POWER GXT150L ??? FRU 88G2479 Feature 2660

J1 13W3 video
J2 Local bus header
U1-12 KM428C257T-6
U27 8187135 Pallete DAC
U30 88G2562
U32 88G2832
U35 88G2832
U38 50.0000 MHz osc
U40 66.0000 MHz osc

S36 Switch Positions

  I tried to tableize the GXT150L/155L switch settings, but it's too complex. So ask me for the GXT150L Switch Settings  (PDF)

This graphics adapter is designed for superior 2D performance in an AIXwindows 2D environment.
       The POWER GXT150L graphics adapter is an 8-bit single buffer, 256-color, graphics adapter that attaches to the PowerPC 601 local bus graphics expansion slot and does not use a Micro Channel slot. When used in conjunction with the AIXwindows 3D feature and Softgraphics, it provides cost-effective 3D performance.  This is made possible through a design that interfaces video memory and a unique graphics accelerator chip directly to the PowerPC 601 local bus graphics expansion slot.  The POWER GXT150L is similar to the previously announced POWER GXT150, but has been designed to fit into the larger graphics expansion slot in the RISC System/6000 Models 41T and 41W graphics workstations.
       The POWER GXT150L graphics adapter provides 1280x1024, 1152x900, and 1024x768 resolution support, three color palettes, and hardware window support.
       The POWER GXT150L requires AIXwindows Environment/6000 Version 1.2.5 2D (support for X11R5), or later, and AIX (R) Version 3.2.5 for RISC System/6000.  Refer to Software Announcement 293-489, dated September 21, 1993, for more details on AIXwindows and Softgraphics.
o   Low-cost, high-performance graphical interface acceleration
o   2D hardware acceleration for:
    -   Points
    -   Lines
    -   Triangles
    -   Rectangles
    -   Quadrilaterals
    -   Bit block transfer
o   Pattern fill support
o   Rectangular and non-rectangular clipping
o   60 to 77Hz refresh modes
o   1280 x 1024, 1152 x 900, and 1024 x 768 resolution
o   256 colors from a palette of 16 million
o   Three color palettes
o   Hardware window support
o   Meets ISO 9241 Part 3 on appropriate displays
o   Maximum of one adapter per system can be installed

The PAX 2D Rendering Engine Charles R. Johns and Taggart Robertson 
   Powerful processors and window managers have enabled application writers to exploit the
power of graphics. This power has created increased pressure on workstation suppliers
to provide high–performance graphics solutions to the entry level market segment.
The POWERstation/POWERserver 250 series workstations along with the POWER
GXT100 and GXT150 adapters provide such a solution.
  The POWER GXT100 and GXT150 are 2D graphics adapters based on the Pixel
Accelerator for X (PAX) 2D rendering engine and the IBM RGB 530 Palette Digital to
Analog Converter (Palette–DAC). The PAX engine draws or renders the graphical data
sent from the 601 processor complex and the RGB 530 displays the data on the screen.
The GXT100 is an entry–level adapter with memory to support a 1024 x 768 screen. The
GXT150 has added memory to support up to a 1280 x 1024 screen and to utilize the
multiple color palettes in the IBM RGB 530 Palette–DAC. Both the GXT100 and the
GXT150 are 8–bit adapters which require AIXwindows Environment/6000 Version 1.2.5
2D and AIX Version 3.2.5. 
   This article presents the design goals, a brief overview of the GXT100 and GXT150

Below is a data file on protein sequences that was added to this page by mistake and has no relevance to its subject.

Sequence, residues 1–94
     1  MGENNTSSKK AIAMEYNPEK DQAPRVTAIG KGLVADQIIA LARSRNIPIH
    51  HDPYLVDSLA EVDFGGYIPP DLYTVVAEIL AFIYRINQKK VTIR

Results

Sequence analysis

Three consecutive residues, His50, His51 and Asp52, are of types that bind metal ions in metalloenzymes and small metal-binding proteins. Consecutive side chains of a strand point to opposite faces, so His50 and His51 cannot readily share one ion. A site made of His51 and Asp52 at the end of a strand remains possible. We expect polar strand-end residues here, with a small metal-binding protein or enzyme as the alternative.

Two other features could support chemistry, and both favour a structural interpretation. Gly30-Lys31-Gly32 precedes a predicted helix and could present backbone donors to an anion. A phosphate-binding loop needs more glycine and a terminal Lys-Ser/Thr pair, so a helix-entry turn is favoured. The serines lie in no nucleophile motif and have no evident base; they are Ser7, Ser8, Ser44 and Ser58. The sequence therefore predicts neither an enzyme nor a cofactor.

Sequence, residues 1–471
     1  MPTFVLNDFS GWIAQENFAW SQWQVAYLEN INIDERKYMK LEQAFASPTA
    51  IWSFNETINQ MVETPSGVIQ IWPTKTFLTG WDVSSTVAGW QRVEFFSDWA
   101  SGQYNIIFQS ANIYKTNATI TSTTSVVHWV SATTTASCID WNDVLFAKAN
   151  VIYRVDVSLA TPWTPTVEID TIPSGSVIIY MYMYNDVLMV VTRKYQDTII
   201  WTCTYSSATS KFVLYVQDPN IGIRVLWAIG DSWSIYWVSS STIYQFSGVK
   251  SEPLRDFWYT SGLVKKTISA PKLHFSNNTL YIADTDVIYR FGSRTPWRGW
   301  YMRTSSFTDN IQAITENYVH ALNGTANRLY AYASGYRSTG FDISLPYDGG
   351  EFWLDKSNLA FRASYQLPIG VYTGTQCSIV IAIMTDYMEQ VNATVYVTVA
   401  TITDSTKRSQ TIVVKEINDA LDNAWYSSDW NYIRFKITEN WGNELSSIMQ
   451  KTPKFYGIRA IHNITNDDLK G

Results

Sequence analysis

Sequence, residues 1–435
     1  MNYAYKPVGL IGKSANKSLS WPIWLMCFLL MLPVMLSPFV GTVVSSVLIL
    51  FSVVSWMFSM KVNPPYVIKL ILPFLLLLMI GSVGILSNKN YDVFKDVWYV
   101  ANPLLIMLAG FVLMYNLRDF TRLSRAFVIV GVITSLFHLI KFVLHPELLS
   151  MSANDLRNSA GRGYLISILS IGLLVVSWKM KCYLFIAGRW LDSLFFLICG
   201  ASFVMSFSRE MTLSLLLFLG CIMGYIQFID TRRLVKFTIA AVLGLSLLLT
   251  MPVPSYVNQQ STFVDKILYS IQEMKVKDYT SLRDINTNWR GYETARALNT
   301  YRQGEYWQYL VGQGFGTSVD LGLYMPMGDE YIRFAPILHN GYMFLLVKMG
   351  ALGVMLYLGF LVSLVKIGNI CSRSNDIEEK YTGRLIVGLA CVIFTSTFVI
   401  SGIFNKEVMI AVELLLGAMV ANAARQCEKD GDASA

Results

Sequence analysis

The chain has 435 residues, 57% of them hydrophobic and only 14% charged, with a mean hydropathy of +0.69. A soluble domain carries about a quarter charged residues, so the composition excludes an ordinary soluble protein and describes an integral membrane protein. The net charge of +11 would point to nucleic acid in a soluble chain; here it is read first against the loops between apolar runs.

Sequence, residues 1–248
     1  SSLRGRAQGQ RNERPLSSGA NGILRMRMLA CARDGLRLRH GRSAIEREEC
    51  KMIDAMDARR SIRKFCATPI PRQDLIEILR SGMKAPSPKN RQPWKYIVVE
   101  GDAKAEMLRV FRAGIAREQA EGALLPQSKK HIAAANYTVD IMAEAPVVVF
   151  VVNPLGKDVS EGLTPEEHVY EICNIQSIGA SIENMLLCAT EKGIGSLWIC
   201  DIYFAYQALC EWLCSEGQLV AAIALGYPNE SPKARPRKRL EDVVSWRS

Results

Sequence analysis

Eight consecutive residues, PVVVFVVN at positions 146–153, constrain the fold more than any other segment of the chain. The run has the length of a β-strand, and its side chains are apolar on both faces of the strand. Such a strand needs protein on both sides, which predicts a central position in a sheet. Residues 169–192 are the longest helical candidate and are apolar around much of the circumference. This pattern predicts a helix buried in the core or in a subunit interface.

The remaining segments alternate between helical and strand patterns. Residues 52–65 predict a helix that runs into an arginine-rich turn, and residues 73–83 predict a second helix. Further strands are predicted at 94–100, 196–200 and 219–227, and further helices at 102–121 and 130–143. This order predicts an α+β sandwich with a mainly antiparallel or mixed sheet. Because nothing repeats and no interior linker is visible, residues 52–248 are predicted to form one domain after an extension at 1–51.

graphics subsystem organization, a detailed look at the programming models, and the
architecture of the PAX 2D rendering engine. This article describes the features and
functions of the PAX rendering engine. All of these features and functions may not be
exploited by the graphics subsystem. 

Design Goals and Considerations
   The major goal of the PAX 2D rendering engine is to address the cost–performance
requirements of the entry workstation market segment. Since X Window System is the
predominant Graphical User Interface (GUI) on IBM workstations in this market segment,
the architecture is dedicated to accelerating X Window applications. This goal, along with
the considerations of time to market and cost, drove the architecture and design of the PAX
2D rendering engine. The architecture of a graphics subsystem can influence X Window performance and time to market in several areas. The PAX architecture targeted three areas: efficient interfaces, simple programming model, and rendering speed. Details of how each area is
addressed appear in the following sections.

Graphics Subsystem Organization
  The POWER GXT100 and GXT150 consists of the PAX 2D rendering engine, the IBM
RGB 530 Palette–DAC, 1M to 3M bytes of frame buffer memory, and the initialization Read Only Memory (ROM). Figure 1 shows the complete block diagram and the major interfaces of the graphics subsystem. The PAX chip serves as the graphics accelerator as well as the system interface for the adapter. It contains the control for accessing the initialization ROM, the Palette–DAC control port, and the video RAM (VRAM) parallel port. PAX attaches directly to the PowerPC 601 Microprocessor bus. Attaching directly to the PowerPC 601 bus improves performance by avoiding the latency and synchronization overhead created when converting from one bus to another. The 601 bus is a split address and data bus with 32 bits of address and 64 bits of data [1]. The processor uses byte, half–word, or word operations to access the graphics subsystem. Based on the address of the operation, PAX directs the access to one of four locations: the internal registers, the frame buffer (i.e. the VRAM), the RGB 530 Palette–DAC, or the initialization ROM.

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